I knew Straight Outta Compton would be entertaining and compromised by having people be featured in and connected to the funding of the film, like Executive Producer Dr. Dre.
Despite the fact that O’Shea Jackson (a.k.a Ice Cube’s son) was unsurprisingly a very close match to the role he portrayed, it took me about ten minutes to accept that the faces on screen were the icons that most of us are so familiar with. I eventually gave in and embraced the facts as they were being presented: a chronological and somewhat disorienting series of events involving multiple interconnecting storylines.
The film was engaging except for perhaps a scene or two that were painfully cheesy due to heavy music cues and overly convenient blocking to set up the perfect brotherhood shot. That being said, there were subtleties to the performances in many of the emotional scenes and there was great power in the accurate recreation of huge moments of rap history. High production value made all the party scenes bootylicious and masterful editing allowed audiences to feel connected to millions of fans taken by the beat.
When Lakeith Stanfield came onscreen it was clear that Snoop was in da house. The guy sitting in front of me raised his hands in the air saying: “Ain’t nothin’ but a G thang, baaaaabay!” and everyone laughed because we were all silently singing along too.
Sex, drugs and music will always sell and Straight Outta Compton is no exception. If looked at it as just another biopic, I would not be particularly inspired to write about it. What made this movie special are a couple of choices that I respect: The intentional inclusion of police brutality actions against African American communities, and the mention of how the gagster lifestyle is sensationalized not only by media but by the people. Even if the screen time dedicated to social commentary contributed towards a 2.5 hour long film that should have been 2 hours, I still support the effort to expose these issues. I hope that thousands of multicolored fans will walk out of the theater thinking that at the core of it, this could be a story about persistence, talent and hard work. I personally walked out believing that also I had something unique to say. I got inside my friend’s prius, speeding through the streets of Oakland on our way to the nearest Whole Foods, salads for dinner perhaps being the single least gangster thing anyone could ever do, but screw it. The whole time I was thinking: dare a police officer pull us over for no reason! If they did, I would raise my middle finger and stand up for the minorities that I represent because “Fuck Tha Police” is about more than catchy lyrics, it’s about the voices of a generation that got tired of not being heard.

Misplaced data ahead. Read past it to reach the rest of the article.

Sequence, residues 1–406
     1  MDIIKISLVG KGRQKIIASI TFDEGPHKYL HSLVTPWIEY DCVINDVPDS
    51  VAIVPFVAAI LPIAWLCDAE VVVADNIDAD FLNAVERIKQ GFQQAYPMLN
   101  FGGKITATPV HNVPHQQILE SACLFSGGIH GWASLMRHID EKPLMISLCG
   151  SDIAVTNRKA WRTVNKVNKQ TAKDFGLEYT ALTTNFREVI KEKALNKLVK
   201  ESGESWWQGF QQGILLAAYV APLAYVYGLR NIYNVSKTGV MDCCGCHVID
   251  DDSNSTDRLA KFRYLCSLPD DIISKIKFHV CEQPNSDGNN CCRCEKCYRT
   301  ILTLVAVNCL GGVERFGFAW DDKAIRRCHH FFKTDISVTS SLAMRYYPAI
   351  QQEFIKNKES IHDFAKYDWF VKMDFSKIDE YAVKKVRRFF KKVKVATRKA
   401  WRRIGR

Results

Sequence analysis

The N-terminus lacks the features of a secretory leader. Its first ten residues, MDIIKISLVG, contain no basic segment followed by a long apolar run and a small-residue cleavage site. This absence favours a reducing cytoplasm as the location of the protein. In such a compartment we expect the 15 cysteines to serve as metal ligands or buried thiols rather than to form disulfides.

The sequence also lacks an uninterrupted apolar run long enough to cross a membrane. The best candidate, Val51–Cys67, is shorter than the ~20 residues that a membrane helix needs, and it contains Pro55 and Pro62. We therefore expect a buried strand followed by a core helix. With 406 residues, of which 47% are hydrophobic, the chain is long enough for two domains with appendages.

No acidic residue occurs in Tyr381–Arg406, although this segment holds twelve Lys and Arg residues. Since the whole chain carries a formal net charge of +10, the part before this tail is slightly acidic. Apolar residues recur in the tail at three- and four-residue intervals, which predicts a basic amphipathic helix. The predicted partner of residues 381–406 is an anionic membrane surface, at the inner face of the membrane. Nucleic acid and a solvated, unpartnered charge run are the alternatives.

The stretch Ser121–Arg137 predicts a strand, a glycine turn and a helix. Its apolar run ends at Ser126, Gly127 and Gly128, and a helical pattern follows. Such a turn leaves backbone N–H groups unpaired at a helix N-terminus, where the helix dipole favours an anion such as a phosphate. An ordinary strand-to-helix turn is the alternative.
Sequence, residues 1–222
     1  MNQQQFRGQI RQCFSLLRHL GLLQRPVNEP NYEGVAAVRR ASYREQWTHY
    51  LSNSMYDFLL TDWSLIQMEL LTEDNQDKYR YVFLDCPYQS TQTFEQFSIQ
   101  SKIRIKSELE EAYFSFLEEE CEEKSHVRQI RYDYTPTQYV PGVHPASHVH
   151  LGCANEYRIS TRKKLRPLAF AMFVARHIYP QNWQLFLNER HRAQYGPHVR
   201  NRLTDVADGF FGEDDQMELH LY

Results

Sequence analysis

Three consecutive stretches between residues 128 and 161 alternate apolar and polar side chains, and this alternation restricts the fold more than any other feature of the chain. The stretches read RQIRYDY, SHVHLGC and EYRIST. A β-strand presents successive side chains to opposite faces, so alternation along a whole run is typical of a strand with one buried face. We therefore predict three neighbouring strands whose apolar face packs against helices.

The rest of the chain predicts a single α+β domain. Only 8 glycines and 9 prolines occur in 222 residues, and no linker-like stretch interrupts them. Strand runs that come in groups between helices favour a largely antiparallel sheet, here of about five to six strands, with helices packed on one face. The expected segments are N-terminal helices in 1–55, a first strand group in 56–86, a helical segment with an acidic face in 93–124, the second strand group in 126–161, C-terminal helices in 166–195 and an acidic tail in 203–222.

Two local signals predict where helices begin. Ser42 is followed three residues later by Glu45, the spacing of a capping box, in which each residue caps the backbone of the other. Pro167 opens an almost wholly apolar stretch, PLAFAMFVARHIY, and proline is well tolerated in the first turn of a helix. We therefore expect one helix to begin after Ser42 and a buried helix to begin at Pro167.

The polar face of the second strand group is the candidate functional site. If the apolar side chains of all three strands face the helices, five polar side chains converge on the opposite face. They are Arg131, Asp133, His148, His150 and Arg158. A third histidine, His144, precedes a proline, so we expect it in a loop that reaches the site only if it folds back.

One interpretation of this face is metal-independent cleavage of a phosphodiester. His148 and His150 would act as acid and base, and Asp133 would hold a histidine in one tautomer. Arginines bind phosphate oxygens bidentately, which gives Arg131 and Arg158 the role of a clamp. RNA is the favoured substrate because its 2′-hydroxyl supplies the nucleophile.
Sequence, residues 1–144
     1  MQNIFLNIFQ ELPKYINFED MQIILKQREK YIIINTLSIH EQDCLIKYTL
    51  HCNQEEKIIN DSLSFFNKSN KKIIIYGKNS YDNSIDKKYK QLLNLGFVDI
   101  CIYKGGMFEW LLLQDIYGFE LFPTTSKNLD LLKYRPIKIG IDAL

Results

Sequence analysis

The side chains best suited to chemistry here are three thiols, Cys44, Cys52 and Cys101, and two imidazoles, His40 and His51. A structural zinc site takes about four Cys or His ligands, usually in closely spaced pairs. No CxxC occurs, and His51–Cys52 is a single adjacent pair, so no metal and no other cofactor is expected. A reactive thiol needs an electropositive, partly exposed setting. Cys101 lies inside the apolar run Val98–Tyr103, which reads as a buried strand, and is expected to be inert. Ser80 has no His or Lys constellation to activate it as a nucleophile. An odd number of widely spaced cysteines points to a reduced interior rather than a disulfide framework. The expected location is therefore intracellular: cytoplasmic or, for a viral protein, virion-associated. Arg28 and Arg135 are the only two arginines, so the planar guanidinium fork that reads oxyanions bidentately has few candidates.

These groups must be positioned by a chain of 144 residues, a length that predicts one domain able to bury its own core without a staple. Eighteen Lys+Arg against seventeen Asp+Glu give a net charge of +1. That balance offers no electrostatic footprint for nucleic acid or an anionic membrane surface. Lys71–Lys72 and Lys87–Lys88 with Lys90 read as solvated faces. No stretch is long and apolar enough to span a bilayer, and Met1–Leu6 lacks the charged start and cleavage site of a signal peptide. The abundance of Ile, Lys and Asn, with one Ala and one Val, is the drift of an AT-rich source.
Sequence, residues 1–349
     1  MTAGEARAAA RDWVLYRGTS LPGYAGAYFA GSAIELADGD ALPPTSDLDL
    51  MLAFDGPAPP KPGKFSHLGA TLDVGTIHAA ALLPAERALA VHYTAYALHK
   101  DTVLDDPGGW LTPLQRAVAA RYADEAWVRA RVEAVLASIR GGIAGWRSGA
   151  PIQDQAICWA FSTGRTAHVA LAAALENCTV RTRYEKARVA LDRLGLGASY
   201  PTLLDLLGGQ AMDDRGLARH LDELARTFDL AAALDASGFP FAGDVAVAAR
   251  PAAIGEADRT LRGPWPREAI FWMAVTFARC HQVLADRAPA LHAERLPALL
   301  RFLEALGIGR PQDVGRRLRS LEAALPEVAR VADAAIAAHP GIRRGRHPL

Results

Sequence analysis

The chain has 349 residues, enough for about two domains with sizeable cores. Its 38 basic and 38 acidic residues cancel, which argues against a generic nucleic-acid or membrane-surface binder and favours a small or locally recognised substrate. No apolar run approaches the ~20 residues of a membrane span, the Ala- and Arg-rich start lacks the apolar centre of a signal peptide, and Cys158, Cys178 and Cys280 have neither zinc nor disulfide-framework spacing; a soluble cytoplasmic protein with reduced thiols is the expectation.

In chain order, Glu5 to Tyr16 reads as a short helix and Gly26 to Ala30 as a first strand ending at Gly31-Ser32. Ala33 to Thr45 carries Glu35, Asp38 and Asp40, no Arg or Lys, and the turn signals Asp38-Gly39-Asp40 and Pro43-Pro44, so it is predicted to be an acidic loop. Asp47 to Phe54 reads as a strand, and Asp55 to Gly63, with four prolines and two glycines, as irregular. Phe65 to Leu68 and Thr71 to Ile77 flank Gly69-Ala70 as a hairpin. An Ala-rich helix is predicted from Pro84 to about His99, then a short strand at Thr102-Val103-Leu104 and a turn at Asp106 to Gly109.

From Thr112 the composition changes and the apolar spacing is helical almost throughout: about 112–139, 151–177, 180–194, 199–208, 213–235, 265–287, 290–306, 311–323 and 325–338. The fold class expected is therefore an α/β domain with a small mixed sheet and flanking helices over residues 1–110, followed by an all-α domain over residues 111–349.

For that, I must give Straight Outta Compton 4 out of 5 starts.